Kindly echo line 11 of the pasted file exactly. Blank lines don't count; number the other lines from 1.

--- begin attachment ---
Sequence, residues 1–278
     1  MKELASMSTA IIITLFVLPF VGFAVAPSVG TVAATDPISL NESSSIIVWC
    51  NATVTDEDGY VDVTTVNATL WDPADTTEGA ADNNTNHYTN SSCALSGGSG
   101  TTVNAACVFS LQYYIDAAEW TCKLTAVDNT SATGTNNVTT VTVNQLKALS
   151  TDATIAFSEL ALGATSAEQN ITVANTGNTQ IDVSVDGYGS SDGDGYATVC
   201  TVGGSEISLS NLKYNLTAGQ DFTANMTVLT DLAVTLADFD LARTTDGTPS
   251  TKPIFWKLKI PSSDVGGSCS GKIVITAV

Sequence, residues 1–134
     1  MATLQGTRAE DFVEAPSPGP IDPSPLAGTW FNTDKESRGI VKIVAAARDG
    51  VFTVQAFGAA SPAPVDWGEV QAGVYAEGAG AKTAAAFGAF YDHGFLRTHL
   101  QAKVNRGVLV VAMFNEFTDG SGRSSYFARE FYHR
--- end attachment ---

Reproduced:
   101  QAKVNRGVLV VAMFNEFTDG SGRSSYFARE FYHR